One of the most pressing issues in this presidential election has been illegal immigration and its effects on America. Rhetoric from many in the Republican field — particularly Donald Trump — has caused many Americans to see immigrants as threats in need of deportation. However, we must resist the urge to scapegoat broad swaths of the population and should instead treat all immigrants with compassion and dignity.
When Donald Trump called Mexican immigrants “rapists” who are “bringing drugs ... bringing crime,” it set the tone for the conversation about immigration within both parties’ primaries. Republicans, speaking generally, have advocated for harsher enforcement of immigration law. This would take the form of deportation raids, limitations on or a removal of a pathway to citizenship, the end of sanctuary cities like Philadelphia and perhaps even the building of a wall between the United States and Mexico.
These proposals are predicated on the notion that undocumented immigrants are a detriment to our country. The popular GOP narrative implies that immigrants bring violent crime over the borders and hurt the American economy. However, data overwhelmingly shows the higher the immigration rate in an area, the lower the crime rate.
In addition, research by economist Giovanni Peri shows that immigrants “expand the U.S. economy’s productive capacity, stimulate investment, and promote specialization that in the long run boosts productivity.” Obviously, the economic impact of immigration is complex, and it does us no good to oversimplify the situation. However, given the nuances of the issue, the ideas put forth by the GOP nominees — shutting out immigrants, deporting those already here, etc. — are not practical or reasonable policies.
Instead of allowing hatred to drive our discourse, we must offer compassion to undocumented immigrants. They are often fleeing poverty or oppressive governments and are seeking a brighter future for themselves and their families. If we want to call the United States the “greatest country in the world,” we must live up to what that entails. If we don’t treat immigrants with the dignity that they deserve, we turn ourselves into the “greatest country in the world, but only if you were already here.” Not only is that much less catchy, but it also undermines the fundamental American ideal of equal opportunity for all.
Getting down to the nuts and bolts of the issue: We need comprehensive immigration reform. Immigration is a complicated topic, but there are a few key components that must be included in any laws passed.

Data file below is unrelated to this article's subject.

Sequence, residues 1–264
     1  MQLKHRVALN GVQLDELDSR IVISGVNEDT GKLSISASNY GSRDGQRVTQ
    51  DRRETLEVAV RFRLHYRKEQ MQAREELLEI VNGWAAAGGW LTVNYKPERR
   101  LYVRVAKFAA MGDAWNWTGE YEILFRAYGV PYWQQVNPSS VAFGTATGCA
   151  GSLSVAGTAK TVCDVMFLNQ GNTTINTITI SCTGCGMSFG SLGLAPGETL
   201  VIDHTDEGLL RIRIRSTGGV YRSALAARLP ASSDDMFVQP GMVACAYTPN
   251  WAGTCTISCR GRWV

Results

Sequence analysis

First off, we need to create a pathway to citizenship for nonviolent, law-abiding undocumented immigrants. There should be caveats: They must recognize that they did not come to this country through existing legal channels and should pay a small fine, but those conditions should not be prohibitive for the most impoverished immigrants. We must make becoming a citizen an easier process. If a person is already contributing to American society, there should be a straightforward process so that they can be given the equal protection and rights under law that citizenship affords.
We must also end deportation raids that are breaking up immigrant families as you read this. Taking parents away from their children, or spouses away from each other, is a profoundly unjust practice. The Obama administration’s deportation policies are one of the few areas we disagree with the president. These raids do not make our country safer and indeed contradict the aforementioned American doctrine of equal opportunity for all. To be clear, ending the deportation of all nonviolent immigrants is easier said than done, but it should be the overarching goal that we as Americans strive towards.
When discussing this issue, it is easy to forget that immigration is not some abstract concept. First and foremost, immigrants are people, and they deserve to be treated as such. Most of us originally come from immigrant families at some point in our lineage. Because of this, each of us shares a story with the people fleeing oppression and violence in other parts of the world. Each of us is seeking a better life for our children and grandchildren. That shared history is what makes America great.
We all have different backgrounds and unique stories, but we come together and share the common ideals of liberty and justice for all. We need to live up to that creed and reject the xenophobic rhetoric that has permeated the Republican narrative.
The immigration system needs reform, yes, and we must improve it. But we can’t do it just because it will make Americans’ lives better. We must do so because our country’s enduring symbol is the Statue of Liberty, and for “the greatest country in the world,” embracing the immigrants in our community is unequivocally the right thing to do.
Toe the Line examines issues from two different sides.
LUKE HOBAN is a College junior and the Penn Dems communication director. He is a science, technology & society major and a philosophy minor.
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